Pssst. Hey, got a few petabytes of data to spare? Your local university just might need it.
The biggest challenge in training the next generation of data scientists is finding large data to teach students real-world skills. That's a key finding of the latest State of Business Intelligence survey conducted for Teradata University Network, a Web-based training program for students seeking careers in data-oriented professions.
The survey, the third State of Business Intelligence study since 2009, polled professors at 243 universities in 43 countries, as well as students at 96 universities. It was conducted by a trio of academics, including Xavier University associate professor Thalini Ariyachandra, who discussed the survey results via telephone with InformationWeek. Bill Franks, chief analytics officer for Teradata's global alliance programs, joined in the call.
Although the world is awash in big data, 45% of professors say the top challenge to teaching BI and data analytics is gaining access to large data sets, the survey found. The second biggest challenge is finding students with prerequisite skills (39%); third is finding qualified or available instructors (37%).
[ Want to know about other concerns with big data in schools? Read Big Data's Opportunities, Responsibilities For Education. ]
Well, if there's so much data out there, why can't universities use it?
"We want the kind of data sets that exist in companies, so we can give students some practical, real-world experience," said Ariyachandra. "And getting access to that kind of (data) is still something that is challenging."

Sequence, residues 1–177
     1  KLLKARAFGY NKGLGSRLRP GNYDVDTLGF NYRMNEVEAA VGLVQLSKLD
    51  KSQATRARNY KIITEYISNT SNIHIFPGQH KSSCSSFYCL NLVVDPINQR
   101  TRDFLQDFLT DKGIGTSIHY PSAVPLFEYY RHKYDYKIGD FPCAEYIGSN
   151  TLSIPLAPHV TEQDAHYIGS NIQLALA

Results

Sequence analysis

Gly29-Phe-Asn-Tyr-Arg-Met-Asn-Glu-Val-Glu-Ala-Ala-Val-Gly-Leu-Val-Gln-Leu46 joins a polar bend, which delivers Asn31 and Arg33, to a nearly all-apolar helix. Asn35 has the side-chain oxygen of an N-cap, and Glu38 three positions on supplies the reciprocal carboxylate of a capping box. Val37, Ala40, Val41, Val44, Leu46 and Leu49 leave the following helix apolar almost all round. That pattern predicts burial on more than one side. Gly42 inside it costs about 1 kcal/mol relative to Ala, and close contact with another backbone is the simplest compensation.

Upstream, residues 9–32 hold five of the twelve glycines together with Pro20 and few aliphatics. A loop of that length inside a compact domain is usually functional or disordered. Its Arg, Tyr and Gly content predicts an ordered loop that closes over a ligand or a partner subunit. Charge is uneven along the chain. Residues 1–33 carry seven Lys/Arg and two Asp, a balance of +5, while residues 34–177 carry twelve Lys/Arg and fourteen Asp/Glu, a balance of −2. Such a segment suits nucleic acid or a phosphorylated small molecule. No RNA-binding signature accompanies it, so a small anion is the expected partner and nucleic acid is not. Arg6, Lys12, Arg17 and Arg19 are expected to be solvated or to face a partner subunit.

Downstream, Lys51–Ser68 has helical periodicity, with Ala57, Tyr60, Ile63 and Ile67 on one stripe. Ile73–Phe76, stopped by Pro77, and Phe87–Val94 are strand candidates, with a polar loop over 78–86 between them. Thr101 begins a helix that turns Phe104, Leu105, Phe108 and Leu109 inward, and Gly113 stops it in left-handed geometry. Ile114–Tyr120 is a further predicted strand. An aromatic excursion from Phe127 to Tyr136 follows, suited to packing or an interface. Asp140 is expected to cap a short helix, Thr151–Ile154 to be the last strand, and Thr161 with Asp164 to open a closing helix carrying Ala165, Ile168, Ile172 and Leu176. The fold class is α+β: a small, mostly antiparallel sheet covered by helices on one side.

"Universities have some samples of data, but it's a challenge to locate pools of large data that you can get access to," added Franks. "A lot of companies are hesitant to give that data out, and it can take quite a bit of effort to anonymize it if you do."
The problem, while significant, isn't exactly new, however.
"I'm an analytics professional by training. I have a master's degree in statistics. In school -- this was years ago, so none of the data was as big as it is now -- the data you used for exercises was very small and artificially clean," Franks recalled.
The study also shows that more students are focusing on business-oriented analytics professions, such as business analyst or IT professional. However, only 16% of students surveyed are considering careers as data scientists.
On the plus side, more schools are adding data science to marketing and statistics courses.
"More academics are providing depth in the kind of statistics and advanced predictive analytics type of skills being offered in courses," said Ariyachandra. "There are more programs in place than two years ago, and there's definitely a lot going on, with academia trying to meet demand for (data scientists)."
For instance, businesses are looking for graduates with practical, hands-on experience with big data sets. Said Ariyachandra: "For academics, the problem is, how do we provide that?"
According to a 2011 study by the McKinsey Global Institute, the U.S. could face a shortage of up to 190,000 data scientists by 2018.
This shortage is part of a larger trend: the dramatic increase in the use of analytics in business, Franks noted.
"Some are calling their programs 'predictive analytics,' some are calling them 'data science,' some are calling them 'data mining,'" he said. "But at the end of the day, all the programs are oriented toward the same general principle: we need people who can go out in industry and help (organizations) analyze their data."
Introductory information systems courses at business colleges are now incorporating analytics, as well as providing a fundamental understanding of BI, added Ariyachandra.
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